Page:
Mixing Valve & Thermostatic Element
The mixing valve piston must be in proper adjustment, clean, and free to move. The rubber "hot seat" gasket should be in good condition, and the thermostatic element must be working properly. The critical parts are stainless steel and are very long lasting.
The piston tends to have sharp edges which can cause it to hang or stick slightly as it moves in the bore. Using a very fine file at 45° , or a piece of fine silicon carbide paper, smooth the edges of the piston until they are no longer knife-like. You don't want to round the edges, just prevent them from digging into the bore.
The piston assembly consists of the piston itself, a threaded rod, spring, the hot seat gasket holder and gasket, a special nut, and a tapered spring that attaches to the nut. The assembly will have been assembled using a thread locking compound, so first time disassembly will require a bit of effort and subsequent cleaning. Remove the nut, then the hot seat gasket parts. It isn't necessary to remove the rod unless you decide to reverse the spring as described later. You may want to use a mild thread locking compound (local auto parts store) after determining final settings, but I haven't found it necessary for intermittent home processing use. In a commercial application it should definitely be used.
The setting of the hot seat gasket height is extremely important. As the gasket is moved away from the piston, the overall flow rate of the valve will be reduced because both the hot and cold supplies will be more restricted for any given setting. At the same time, the gain of the control system will go up. In other words, a very small motion of the thermostatic element will have a large effect on the balance of hot and cold water. Most amateur darkroom operations require low flow rates, so the hot seat gasket can be fairly extended. Press the piston all the way in and examine the cold water ports at the top of the bore. My valve worked best with very little of the ports visible, maybe .015" or so. You should be able to find a setting where the output temperature remains steady in spite of input fluctuations, and reacts predictably to changes of the control knob position. If you can't get the flow you need, move the gasket closer to the piston. If regulation is poor, move it further away. Listen to the water flow and watch the pressure gage to be sure the TCV isn't oscillating or unstable. The TCV should return very close to the last temperature setting each time you use it and small adjustments of the control knob should yield small predictable changes in temperature. There should be a bit of overshoot, then reasonably fast settling to the final temperature.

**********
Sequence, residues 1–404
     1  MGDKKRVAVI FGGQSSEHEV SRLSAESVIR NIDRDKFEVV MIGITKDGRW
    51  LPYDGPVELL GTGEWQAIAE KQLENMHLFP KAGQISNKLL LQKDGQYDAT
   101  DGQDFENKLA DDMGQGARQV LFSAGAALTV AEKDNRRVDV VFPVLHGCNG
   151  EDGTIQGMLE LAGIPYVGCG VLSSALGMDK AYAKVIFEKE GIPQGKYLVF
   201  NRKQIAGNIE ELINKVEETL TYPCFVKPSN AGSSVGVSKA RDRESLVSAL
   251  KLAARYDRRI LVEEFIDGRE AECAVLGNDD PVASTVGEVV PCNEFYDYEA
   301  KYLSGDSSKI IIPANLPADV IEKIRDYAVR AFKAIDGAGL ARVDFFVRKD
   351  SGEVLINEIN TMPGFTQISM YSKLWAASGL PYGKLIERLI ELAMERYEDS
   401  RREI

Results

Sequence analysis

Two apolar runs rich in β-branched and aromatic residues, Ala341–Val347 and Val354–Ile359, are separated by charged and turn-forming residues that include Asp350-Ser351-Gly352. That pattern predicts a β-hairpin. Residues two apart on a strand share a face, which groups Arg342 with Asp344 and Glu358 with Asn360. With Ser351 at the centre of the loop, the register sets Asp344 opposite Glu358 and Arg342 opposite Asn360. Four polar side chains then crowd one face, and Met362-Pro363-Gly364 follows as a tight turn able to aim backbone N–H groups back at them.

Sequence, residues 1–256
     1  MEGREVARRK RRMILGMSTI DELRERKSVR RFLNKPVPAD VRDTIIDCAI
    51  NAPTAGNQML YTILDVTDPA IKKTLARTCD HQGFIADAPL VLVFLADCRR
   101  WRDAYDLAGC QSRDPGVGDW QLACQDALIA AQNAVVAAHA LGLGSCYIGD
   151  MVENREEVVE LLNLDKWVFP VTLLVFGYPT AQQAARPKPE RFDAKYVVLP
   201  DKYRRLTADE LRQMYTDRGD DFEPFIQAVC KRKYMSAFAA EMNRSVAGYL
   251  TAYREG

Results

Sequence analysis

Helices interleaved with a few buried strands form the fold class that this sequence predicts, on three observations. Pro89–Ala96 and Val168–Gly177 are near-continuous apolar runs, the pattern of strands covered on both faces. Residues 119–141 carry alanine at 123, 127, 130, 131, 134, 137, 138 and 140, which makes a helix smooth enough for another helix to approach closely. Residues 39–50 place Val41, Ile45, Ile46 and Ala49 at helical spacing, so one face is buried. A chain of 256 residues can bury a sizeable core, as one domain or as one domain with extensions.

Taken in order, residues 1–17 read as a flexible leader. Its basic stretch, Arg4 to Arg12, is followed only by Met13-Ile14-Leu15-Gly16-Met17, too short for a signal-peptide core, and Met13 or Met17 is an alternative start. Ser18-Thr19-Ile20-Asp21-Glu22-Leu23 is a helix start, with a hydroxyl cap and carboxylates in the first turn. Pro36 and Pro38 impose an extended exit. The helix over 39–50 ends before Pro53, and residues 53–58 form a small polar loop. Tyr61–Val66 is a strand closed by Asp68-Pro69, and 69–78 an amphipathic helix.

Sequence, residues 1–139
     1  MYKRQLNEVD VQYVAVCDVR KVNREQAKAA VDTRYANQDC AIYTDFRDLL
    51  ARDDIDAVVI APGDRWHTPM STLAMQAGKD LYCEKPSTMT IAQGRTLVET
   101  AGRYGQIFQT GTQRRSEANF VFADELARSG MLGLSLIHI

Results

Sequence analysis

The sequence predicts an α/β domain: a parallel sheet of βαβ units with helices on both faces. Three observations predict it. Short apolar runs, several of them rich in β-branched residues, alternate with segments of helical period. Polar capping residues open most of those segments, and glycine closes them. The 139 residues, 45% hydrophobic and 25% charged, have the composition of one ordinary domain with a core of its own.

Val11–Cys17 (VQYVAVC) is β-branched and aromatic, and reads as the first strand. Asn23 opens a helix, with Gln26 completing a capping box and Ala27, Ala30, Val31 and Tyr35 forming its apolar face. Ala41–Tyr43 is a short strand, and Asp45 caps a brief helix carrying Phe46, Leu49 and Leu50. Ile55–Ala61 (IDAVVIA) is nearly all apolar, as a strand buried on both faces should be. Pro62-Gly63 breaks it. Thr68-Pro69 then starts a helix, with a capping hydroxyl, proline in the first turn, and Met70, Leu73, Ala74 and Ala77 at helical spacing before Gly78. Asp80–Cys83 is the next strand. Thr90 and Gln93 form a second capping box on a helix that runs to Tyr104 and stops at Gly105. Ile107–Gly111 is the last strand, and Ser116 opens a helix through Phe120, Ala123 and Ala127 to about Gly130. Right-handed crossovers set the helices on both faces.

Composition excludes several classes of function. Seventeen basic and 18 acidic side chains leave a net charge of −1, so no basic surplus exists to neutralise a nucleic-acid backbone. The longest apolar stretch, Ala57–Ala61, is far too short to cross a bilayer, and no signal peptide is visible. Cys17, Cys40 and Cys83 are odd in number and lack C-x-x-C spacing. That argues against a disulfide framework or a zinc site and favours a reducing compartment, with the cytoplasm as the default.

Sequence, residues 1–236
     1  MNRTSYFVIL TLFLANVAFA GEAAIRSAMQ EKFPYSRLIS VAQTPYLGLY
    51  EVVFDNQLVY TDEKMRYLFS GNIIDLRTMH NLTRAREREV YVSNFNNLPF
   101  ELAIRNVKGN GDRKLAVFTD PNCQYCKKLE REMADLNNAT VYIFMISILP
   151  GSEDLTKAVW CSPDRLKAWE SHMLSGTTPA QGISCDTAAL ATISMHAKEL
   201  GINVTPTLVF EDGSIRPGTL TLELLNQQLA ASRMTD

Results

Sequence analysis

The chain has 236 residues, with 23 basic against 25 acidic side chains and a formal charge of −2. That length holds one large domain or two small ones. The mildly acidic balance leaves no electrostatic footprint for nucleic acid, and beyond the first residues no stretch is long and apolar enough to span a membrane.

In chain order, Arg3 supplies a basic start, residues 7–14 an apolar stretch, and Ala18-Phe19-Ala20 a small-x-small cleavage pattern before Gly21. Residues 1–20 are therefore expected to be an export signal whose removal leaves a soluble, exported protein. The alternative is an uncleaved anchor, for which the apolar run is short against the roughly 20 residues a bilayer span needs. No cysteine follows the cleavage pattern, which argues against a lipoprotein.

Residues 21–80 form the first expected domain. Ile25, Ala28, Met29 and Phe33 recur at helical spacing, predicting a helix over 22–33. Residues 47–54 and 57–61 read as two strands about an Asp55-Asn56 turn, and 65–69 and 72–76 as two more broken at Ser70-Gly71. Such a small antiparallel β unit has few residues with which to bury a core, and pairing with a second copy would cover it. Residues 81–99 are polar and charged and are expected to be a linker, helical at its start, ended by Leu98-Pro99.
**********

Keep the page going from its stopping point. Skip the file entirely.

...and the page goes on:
Clean off all debris before reassembling. Do not over tighten the four slotted screws holding the body together and use a cross tightening pattern so the cover is brought down evenly.
Odds & Ends
No guarantees on the following. The information was obtained from measurements on the two older Kodak PX-9700 series valves I own, but little seems to have changed over the years. Note that these valves are offered in different flow ranges, so port sizes and pipe sizes may vary. Mine are 10 gpm with ½" fittings. Modern 9700s come in several flow rates with different internal part sets.
The pressure shuttle o-ring appears to be a Parker 2-013 size, the liner appears to use two size 2-018. In a pinch, these are often available at local hardware stores.
The temperature control knob o-ring is a square cross section and should be secured from Lawler.
Parker O-ring Lube works well for assembly purposes. Though I worry about a blob of grease leaving the TCV and contaminating my film or prints, it hasn't been a problem. Use sparingly!
The hot seat gasket should be 0.563" in diameter and 0.066 thick. The experimentally inclined may find improved regulation with a replacement made from 1/16" hard Teflon, or similar material.
The copper rod that actuates the piston should press evenly on the end of the spring. If the end of the spring isn't well formed, forces will tend to cock the piston and increase friction. You can unscrew the center rod to remove the spring and examine each end for the best surface. Install the best surface towards the copper rod.
C. Hoffman, 5/6/03